Your Source for Brush & Weed Information in New Mexico

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Contact us for information on invasive plant management.
Browse weed information by:
common name | scientific name

Landscape and Agronomic Weeds

Portrait of Leslie Beck, PhD

(Weeds in all cropping systems, ag commodities, turf, and landscapes)

Leslie Beck, PhD
Cooperative Extension Specialist
(575)646-2888
lebeck@nmsu.edu

Brush and Weeds in Non-Crops

Portrait of Kert Young, PhD

(Weeds and brush in rangelands, pastures, wildlands, and riparian areas)

Kert Young, PhD
Cooperative Extension Specialist
(575)646-4948
kry@nmsu.edu

Featured Weed of Concern
Convolvulus arvensis

Field Bindweed is one of the most notoriously difficult-to-control weeds in New Mexico. This spreading perennial will start growing back from overwintering rhizomes in early spring.

Depending on temperatures, they may start to break dormancy as early as March or April. This is the ideal timing to try and control invasive perennial weeds, along with fall management as the plant is preparing for winter dormancy. Any period of active growth will result in more injury to the weed and more effective weed management.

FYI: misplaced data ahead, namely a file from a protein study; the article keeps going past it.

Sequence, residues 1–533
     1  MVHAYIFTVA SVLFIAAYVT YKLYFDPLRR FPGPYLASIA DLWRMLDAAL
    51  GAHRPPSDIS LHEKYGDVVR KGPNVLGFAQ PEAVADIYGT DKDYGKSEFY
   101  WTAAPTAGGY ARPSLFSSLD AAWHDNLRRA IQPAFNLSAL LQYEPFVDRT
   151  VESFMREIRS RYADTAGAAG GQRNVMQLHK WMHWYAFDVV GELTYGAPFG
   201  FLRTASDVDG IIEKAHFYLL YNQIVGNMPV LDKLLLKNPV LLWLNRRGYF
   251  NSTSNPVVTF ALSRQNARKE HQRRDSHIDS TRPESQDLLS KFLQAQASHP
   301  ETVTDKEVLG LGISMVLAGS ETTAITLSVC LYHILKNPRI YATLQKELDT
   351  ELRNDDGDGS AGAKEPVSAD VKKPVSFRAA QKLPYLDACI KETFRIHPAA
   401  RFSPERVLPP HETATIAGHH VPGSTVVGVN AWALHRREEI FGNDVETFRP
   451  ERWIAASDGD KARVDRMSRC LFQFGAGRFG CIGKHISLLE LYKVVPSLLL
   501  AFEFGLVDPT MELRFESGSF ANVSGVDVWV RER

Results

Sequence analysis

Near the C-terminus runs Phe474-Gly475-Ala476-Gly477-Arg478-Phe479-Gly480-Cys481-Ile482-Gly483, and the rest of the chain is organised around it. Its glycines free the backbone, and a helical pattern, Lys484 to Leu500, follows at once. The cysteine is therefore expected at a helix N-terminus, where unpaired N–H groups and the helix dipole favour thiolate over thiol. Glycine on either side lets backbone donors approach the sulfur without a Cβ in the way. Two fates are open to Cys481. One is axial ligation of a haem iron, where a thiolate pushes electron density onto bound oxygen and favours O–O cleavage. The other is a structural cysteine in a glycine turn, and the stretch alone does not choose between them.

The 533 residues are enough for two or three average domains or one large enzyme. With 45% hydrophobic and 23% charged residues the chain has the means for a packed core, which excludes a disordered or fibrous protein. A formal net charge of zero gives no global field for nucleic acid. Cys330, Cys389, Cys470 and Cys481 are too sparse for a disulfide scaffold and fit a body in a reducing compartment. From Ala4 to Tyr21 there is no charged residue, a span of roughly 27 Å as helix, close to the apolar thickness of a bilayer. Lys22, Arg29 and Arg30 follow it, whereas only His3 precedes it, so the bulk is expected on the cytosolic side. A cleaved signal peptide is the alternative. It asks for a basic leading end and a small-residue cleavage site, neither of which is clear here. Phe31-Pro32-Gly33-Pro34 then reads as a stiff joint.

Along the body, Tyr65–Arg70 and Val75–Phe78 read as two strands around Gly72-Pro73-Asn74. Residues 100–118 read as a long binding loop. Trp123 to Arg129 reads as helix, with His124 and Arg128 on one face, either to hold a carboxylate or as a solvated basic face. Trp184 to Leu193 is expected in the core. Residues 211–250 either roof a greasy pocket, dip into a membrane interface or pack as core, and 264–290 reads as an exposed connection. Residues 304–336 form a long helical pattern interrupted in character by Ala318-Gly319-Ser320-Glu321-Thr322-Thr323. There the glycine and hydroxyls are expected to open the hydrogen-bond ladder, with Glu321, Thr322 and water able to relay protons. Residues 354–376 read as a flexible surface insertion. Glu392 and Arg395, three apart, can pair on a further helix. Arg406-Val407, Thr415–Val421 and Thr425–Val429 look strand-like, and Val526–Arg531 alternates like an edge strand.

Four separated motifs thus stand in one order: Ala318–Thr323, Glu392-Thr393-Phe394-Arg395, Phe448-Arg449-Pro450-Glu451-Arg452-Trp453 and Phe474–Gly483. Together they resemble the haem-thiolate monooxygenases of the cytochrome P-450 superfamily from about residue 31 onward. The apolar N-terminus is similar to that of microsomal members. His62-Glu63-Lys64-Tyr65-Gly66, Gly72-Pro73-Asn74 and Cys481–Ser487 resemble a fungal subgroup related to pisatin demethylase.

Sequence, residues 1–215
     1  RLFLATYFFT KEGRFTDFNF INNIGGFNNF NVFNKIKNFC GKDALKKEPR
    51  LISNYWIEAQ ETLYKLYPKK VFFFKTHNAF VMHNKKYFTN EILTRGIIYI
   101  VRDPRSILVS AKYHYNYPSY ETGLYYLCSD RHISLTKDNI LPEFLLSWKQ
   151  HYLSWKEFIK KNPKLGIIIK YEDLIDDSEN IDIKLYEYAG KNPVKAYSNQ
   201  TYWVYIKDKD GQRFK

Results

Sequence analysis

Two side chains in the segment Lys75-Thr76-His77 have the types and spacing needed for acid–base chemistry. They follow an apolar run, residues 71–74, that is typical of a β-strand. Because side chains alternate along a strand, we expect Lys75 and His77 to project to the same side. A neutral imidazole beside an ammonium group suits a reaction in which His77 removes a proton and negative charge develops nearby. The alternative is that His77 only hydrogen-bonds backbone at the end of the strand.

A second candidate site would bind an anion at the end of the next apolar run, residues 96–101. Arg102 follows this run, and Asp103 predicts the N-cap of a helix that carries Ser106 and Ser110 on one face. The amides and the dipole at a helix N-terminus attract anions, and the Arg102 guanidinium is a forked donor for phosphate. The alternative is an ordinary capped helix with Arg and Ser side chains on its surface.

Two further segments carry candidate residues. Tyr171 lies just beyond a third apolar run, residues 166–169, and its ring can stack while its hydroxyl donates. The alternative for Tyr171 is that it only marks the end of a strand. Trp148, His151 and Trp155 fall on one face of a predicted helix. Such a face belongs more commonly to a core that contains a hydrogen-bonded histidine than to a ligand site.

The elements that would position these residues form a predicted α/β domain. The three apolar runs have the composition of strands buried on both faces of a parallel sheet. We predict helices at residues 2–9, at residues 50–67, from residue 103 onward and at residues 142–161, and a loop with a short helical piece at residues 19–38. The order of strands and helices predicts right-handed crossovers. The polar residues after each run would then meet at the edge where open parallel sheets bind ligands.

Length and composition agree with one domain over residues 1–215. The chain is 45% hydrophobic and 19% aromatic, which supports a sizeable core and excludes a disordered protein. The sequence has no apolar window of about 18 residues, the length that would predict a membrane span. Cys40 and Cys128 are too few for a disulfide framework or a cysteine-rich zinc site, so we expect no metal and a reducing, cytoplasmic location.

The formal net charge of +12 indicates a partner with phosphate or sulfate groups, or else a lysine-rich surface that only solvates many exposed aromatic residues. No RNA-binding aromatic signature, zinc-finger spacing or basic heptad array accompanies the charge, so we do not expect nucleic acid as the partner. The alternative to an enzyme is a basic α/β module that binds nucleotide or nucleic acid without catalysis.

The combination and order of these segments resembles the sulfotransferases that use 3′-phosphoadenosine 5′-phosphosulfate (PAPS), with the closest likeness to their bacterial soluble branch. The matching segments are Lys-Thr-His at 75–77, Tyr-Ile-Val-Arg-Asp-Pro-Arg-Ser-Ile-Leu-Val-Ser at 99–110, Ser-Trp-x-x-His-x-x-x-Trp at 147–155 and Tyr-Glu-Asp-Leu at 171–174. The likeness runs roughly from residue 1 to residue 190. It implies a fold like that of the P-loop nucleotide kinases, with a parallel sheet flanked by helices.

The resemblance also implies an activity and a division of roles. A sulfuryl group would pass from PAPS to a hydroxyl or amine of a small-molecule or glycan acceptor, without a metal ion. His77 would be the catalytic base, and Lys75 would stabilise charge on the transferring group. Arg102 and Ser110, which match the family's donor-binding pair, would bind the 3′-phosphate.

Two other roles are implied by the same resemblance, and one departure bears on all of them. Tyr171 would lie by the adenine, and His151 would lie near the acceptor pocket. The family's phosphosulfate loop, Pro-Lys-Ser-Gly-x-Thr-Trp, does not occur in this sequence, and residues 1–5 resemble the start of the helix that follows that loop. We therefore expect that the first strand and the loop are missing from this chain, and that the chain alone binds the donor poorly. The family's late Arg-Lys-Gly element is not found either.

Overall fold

For more information, see our Field Bindweed publication.

Featured Weed of Concern
Astragalus spp.

New Mexico contains several species of locoweed. Many locoweed species are toxic to livestock. The incidence of livestock poisoning can increase following a wet winter-spring. Poisonous plants can be some of the few green plants growing early in the year and thereby attract livestock while the warm-season grasses are still mostly dormant.

For Locoweed management recommendations, see Guide B-823: Locoweed Control: Aerial Application or Ground Broadcast.

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Links to Other Invasive Plants:
Saltcedar

For additional publications, please see “NMSU Publications” on the left.

For plant identification assistance, go to the NMSU Plant Diagnostic Clinic.